Although routine hospitalization of transient ischemic attack patients is not recommended at this time, it could become standard practice if further studies bear out the result of this one. In the meantime, Rafael H. Llinas, M.D., director of cerebrovascular neurology at Johns Hopkins Bayview Medical Center, recommends people receive an inpatient or outpatient workup soon after a transient ischemic attack because of the small but elevated risk of stroke within the next 48 hours.

Evaluating and Treating Transient Ischemic Attacks

Because transient ischemic attacks are short-lived, they often aren’t treated as emergencies—but they should be. If you experience transient ischemic attack symptoms, which are similar to stroke symptoms, call 911 or have someone drive you to the hospital, even if the symptoms go away.

At the hospital, someone will take your medical history, and you will undergo blood tests, electrocardiography, and imaging studies of the head and, possibly, carotid arteries. You can also expect to receive treatments that include those used for strokes themselves—including medications to prevent blood clots and future strokes, such as aspirin, Plavix (clopidogrel), Aggrenox (aspirin plus dipyridamole), Coumadin (warfarin), and occasionally, in specific situations, heparin.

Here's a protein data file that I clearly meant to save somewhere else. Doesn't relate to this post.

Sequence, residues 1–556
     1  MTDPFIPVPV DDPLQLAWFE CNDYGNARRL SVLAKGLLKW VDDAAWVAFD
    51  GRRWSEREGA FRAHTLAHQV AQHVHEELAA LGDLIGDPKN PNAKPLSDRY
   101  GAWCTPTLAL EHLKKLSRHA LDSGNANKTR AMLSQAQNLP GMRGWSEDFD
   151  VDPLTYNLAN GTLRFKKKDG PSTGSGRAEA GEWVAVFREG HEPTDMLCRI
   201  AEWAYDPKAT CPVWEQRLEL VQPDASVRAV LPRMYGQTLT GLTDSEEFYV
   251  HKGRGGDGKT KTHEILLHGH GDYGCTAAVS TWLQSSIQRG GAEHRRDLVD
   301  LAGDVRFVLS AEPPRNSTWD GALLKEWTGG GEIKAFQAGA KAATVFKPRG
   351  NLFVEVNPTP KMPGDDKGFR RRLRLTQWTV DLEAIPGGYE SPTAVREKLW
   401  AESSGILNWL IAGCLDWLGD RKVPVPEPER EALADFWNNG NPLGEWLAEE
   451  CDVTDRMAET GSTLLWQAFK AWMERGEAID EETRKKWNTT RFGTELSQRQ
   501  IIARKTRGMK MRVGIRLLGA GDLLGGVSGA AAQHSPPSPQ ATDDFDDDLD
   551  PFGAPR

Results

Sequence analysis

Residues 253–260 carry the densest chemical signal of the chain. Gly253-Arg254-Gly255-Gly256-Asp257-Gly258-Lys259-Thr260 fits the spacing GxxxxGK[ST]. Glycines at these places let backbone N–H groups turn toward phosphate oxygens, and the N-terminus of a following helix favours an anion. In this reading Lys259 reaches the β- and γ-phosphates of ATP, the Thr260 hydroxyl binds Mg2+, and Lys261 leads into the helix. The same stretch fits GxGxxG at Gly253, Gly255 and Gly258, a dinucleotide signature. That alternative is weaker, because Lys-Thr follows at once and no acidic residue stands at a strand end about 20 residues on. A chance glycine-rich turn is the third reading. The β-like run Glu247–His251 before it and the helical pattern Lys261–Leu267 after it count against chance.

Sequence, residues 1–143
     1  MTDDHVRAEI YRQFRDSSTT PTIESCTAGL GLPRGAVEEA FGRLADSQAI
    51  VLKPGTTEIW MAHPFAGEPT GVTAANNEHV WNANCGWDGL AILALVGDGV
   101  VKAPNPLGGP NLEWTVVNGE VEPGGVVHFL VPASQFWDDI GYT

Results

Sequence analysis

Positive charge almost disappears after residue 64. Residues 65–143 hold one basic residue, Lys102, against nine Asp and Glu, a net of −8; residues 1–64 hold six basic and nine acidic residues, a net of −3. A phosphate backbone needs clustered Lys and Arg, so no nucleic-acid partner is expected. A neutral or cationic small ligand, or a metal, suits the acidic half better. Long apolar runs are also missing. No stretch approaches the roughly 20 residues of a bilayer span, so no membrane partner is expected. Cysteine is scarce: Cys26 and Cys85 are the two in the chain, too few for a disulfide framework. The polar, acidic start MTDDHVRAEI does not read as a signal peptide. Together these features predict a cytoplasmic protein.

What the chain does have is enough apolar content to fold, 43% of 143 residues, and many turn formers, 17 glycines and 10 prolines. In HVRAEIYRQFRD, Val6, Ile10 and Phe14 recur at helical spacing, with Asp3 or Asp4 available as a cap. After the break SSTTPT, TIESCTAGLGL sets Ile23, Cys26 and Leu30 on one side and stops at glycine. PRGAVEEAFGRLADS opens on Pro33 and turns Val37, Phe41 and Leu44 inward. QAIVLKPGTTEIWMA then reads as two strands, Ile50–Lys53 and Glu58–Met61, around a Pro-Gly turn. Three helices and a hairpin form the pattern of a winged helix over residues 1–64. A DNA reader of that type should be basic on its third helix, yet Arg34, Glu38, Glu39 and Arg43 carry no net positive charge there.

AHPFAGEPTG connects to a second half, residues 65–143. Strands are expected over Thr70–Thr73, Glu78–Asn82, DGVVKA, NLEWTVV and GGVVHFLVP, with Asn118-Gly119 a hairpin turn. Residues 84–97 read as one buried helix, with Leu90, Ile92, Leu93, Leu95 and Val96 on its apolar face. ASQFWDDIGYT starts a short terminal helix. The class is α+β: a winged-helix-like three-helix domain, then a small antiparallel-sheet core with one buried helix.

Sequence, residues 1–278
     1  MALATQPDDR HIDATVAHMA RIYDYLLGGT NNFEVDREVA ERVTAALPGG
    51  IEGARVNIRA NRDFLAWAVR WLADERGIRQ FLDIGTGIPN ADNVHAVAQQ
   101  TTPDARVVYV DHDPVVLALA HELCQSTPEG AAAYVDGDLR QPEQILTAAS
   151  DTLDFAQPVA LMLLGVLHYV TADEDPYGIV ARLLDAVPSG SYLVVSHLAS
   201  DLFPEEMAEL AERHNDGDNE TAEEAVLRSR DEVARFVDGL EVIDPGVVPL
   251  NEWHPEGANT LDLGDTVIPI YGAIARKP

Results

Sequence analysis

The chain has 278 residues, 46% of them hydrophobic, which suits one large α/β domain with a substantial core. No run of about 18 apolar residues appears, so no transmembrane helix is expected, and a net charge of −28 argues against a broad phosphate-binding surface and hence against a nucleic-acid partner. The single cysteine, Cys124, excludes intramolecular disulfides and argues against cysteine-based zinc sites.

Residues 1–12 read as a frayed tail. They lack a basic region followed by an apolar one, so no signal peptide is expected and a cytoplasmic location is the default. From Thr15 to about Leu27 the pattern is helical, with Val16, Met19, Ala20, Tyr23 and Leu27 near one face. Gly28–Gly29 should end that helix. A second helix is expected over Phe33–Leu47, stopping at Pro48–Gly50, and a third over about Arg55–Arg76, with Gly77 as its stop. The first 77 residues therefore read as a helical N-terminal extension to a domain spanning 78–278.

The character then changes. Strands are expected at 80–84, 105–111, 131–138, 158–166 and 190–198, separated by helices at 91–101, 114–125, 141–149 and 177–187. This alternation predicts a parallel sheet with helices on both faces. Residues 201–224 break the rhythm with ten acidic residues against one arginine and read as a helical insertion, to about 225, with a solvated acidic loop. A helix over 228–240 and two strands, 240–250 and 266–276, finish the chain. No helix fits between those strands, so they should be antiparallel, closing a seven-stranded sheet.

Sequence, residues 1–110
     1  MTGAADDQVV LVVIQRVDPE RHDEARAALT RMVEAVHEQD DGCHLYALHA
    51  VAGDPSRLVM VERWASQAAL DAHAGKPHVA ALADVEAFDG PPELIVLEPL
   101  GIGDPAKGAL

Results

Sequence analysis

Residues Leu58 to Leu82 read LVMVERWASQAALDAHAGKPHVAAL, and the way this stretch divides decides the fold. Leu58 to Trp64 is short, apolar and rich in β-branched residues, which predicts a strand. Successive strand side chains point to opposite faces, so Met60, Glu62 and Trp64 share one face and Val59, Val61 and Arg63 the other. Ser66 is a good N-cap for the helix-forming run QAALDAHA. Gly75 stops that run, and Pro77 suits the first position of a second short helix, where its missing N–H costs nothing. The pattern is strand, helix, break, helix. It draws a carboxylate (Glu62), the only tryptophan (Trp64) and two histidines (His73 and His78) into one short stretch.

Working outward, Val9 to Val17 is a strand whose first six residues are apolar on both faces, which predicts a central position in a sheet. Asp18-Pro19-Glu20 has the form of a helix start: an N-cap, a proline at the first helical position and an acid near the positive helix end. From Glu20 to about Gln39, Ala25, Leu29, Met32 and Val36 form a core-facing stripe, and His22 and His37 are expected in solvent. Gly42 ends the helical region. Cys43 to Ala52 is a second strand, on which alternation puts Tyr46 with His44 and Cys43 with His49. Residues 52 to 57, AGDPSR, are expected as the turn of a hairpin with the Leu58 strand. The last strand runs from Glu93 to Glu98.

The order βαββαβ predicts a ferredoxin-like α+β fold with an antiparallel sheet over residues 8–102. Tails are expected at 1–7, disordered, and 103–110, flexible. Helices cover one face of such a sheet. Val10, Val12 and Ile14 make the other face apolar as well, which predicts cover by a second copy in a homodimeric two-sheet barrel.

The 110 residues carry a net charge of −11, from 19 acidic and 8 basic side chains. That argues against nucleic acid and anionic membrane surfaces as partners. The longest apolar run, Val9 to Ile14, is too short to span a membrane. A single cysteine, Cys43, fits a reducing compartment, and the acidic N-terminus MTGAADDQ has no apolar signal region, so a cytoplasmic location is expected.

Patients should view a transient ischemic attack as a warning sign that they need to control any modifiable stroke risk factors they have. Lifestyle changes should include improving one’s diet and exercising regularly, quitting smoking if you smoke, and drinking only in moderation (no more than two drinks daily for men, one for women).